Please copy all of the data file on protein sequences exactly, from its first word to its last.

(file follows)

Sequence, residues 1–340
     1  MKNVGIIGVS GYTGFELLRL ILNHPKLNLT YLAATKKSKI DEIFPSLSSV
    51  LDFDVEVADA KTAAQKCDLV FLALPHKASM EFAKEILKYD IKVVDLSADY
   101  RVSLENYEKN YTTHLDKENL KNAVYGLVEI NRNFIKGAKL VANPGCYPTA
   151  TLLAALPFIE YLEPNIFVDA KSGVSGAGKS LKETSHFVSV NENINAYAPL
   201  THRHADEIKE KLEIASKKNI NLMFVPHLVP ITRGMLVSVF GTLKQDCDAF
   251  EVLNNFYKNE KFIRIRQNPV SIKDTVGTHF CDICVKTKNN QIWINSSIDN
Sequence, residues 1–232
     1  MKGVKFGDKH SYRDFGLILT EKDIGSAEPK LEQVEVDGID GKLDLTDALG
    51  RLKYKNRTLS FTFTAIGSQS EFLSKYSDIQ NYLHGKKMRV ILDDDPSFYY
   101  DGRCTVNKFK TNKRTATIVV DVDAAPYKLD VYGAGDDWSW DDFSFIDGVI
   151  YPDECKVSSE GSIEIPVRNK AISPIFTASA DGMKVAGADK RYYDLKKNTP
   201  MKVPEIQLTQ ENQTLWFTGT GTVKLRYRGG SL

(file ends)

Sequence, residues 1–340
     1  MKNVGIIGVS GYTGFELLRL ILNHPKLNLT YLAATKKSKI DEIFPSLSSV
    51  LDFDVEVADA KTAAQKCDLV FLALPHKASM EFAKEILKYD IKVVDLSADY
   101  RVSLENYEKN YTTHLDKENL KNAVYGLVEI NRNFIKGAKL VANPGCYPTA
   151  TLLAALPFIE YLEPNIFVDA KSGVSGAGKS LKETSHFVSV NENINAYAPL
   201  THRHADEIKE KLEIASKKNI NLMFVPHLVP ITRGMLVSVF GTLKQDCDAF
   251  EVLNNFYKNE KFIRIRQNPV SIKDTVGTHF CDICVKTKNN QIWINSSIDN
Sequence, residues 1–232
     1  MKGVKFGDKH SYRDFGLILT EKDIGSAEPK LEQVEVDGID GKLDLTDALG
    51  RLKYKNRTLS FTFTAIGSQS EFLSKYSDIQ NYLHGKKMRV ILDDDPSFYY
   101  DGRCTVNKFK TNKRTATIVV DVDAAPYKLD VYGAGDDWSW DDFSFIDGVI
   151  YPDECKVSSE GSIEIPVRNK AISPIFTASA DGMKVAGADK RYYDLKKNTP
   201  MKVPEIQLTQ ENQTLWFTGT GTVKLRYRGG SL